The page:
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Ever Read your APP Ts&Cs? This should teach you to not Skip.

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posted on Jan, 28 2015 @ 09:11 AM
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You want that app that can turn you into an old fart? Or the App that can help you slim, or to play a game to relieve the boredom of the tube or subway?

Do you download and skip passed the Ts&Cs to get to the content....

Then you need to watch this...


Shocked? You should be!

Korg.
edit on 28-1-2015 by Korg Trinity because: (no reason given)




posted on Jan, 28 2015 @ 09:17 AM
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it is pretty unreasonable though to expect everyone who wants your app to first read 2000 characters per app, few have time for that.

in an age of increasing convenience why must we make freedom of privacy more and more inconvenient?



posted on Jan, 28 2015 @ 09:22 AM
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a reply to: Korg Trinity

sheep to the slaughter , i have no sympathy for people that sign anything without reading what they are signing .



posted on Jan, 28 2015 @ 09:26 AM
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You can't actually be serious can you? I know people are paranoid and I know there's crazy BS crap hidden in TOS for all kinds of apps, accounts, etc, but if the video doesn't even show the text or the app or anything it can't be taken seriously. I've read through the TOS for a few things (emphasis on few) and never seen anything like this. I'd be interested in seeing some actual screenshots of real apps with these phrases.

Additionally, any chance that some of these TOS phrases come from apps like Text+ or similar apps? Of course they need permission to read your texts - they replace the native text app. What's shocking is that people don't think for themselves - OP included, no offense. People are so paranoid they'll believe this kind of video but never question anything. OP...there wasn't anything in this video that made you think "Hmm...I wonder why they never show the screen?".

These all appear to be on iPhones (I didn't watch the video twice to confirm). Someone show me an iPhone app with these phrases in it - particularly the "permission to record audio", "turn off airplane mode", and "modify my contacts". Otherwise I think this is just fear mongering, both by the video producers and the OP.



posted on Jan, 28 2015 @ 09:28 AM
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originally posted by: tom.farnhill
a reply to: Korg Trinity

sheep to the slaughter , i have no sympathy for people that sign anything without reading what they are signing .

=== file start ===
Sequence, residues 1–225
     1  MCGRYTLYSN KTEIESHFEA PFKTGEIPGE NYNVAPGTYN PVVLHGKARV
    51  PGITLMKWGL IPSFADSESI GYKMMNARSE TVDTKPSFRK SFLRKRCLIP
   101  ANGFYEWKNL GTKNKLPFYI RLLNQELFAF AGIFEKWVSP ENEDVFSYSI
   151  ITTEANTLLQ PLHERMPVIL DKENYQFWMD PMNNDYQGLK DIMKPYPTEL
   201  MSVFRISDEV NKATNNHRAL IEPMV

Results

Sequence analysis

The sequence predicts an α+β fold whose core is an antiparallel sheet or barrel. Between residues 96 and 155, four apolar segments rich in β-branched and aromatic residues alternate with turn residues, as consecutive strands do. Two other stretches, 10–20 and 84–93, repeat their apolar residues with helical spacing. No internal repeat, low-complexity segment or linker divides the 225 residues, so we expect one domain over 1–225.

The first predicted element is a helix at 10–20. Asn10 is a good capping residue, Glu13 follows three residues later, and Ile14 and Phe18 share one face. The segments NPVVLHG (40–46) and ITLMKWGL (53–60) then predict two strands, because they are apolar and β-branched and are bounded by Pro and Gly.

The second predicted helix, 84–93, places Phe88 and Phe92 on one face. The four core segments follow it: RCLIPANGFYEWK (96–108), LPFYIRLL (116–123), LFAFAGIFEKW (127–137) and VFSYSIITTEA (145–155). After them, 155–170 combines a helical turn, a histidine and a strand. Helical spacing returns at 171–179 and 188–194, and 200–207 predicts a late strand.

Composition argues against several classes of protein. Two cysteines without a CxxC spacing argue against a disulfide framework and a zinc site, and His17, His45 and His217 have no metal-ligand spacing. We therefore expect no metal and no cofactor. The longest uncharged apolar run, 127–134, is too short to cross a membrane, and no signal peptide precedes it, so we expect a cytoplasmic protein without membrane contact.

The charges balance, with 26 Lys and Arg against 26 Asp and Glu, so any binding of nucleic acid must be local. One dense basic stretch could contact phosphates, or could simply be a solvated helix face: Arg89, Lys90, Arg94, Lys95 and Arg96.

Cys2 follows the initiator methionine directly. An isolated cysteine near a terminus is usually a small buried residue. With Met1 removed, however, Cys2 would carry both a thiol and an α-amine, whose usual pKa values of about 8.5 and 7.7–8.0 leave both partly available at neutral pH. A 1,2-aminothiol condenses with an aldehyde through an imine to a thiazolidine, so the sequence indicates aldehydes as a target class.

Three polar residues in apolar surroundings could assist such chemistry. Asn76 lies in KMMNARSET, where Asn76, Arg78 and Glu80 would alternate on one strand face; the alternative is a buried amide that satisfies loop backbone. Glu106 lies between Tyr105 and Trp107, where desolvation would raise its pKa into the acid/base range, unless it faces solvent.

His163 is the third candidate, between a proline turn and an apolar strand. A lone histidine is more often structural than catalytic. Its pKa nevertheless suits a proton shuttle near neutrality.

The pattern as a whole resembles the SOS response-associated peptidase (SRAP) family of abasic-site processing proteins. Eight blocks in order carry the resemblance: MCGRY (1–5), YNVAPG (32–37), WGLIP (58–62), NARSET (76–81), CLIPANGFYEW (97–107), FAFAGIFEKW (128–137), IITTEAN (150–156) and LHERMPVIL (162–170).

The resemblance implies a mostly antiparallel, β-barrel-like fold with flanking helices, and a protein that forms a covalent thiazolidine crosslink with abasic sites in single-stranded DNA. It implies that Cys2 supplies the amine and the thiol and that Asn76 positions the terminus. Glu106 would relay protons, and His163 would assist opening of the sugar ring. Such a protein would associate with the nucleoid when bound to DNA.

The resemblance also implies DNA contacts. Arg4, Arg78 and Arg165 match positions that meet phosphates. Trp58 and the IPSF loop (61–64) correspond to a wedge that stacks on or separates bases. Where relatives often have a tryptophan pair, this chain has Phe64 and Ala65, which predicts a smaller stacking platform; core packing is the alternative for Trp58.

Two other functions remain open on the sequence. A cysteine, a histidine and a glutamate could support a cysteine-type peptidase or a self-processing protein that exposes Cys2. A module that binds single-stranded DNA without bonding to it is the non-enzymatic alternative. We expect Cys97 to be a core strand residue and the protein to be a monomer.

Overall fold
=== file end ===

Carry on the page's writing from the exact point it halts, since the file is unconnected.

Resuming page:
Totally agree.

I do not sign up for anything that I do not fully know about.

It is shocking how blatant this invasion has become... The people responsible for the apps that include such horrific invasions of privacy rely on two factors.

A) The belief of the user that this kind of thing is either not possible or that they wouldn't do it
B) People won't read the Ts&Cs due to the length and complexity of them.

We need to change the law on this globally, any app that is requesting personal information needs to put it up in BIG BOLD TEXT across the screen, so there can be no misunderstanding.

I also think there needs to be a group who name and shame apps, making people aware of what app not to trust.

Korg.



posted on Jan, 28 2015 @ 09:29 AM
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OUR T&C of maas 360 at work says they can monitor your personal data on the phone, I brought it up and said "buy me a phone or no go" I don't work email on my phone now



posted on Jan, 28 2015 @ 09:31 AM
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This reminds me a story of a piece of software that was sold, and had a $1000.00 prize hidden in the EULA. The prize went unclaimed for over 3000 customers until ONE guy finally read the agreement and found the clause stating he could claim his prize if he e-mailed the company.

So... roughly 1 in 3000 people read the T&C's and EULA's. I'd venture to say that number is probably less. I know I don't read EULA's.



posted on Jan, 28 2015 @ 09:33 AM
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originally posted by: stolencar18
You can't actually be serious can you? I know people are paranoid and I know there's crazy BS crap hidden in TOS for all kinds of apps, accounts, etc, but if the video doesn't even show the text or the app or anything it can't be taken seriously. I've read through the TOS for a few things (emphasis on few) and never seen anything like this. I'd be interested in seeing some actual screenshots of real apps with these phrases.

Additionally, any chance that some of these TOS phrases come from apps like Text+ or similar apps? Of course they need permission to read your texts - they replace the native text app. What's shocking is that people don't think for themselves - OP included, no offense. People are so paranoid they'll believe this kind of video but never question anything. OP...there wasn't anything in this video that made you think "Hmm...I wonder why they never show the screen?".

These all appear to be on iPhones (I didn't watch the video twice to confirm). Someone show me an iPhone app with these phrases in it - particularly the "permission to record audio", "turn off airplane mode", and "modify my contacts". Otherwise I think this is just fear mongering, both by the video producers and the OP.


I only wish you were right...

Unfortunately you are not.

The Worst Apps for Privacy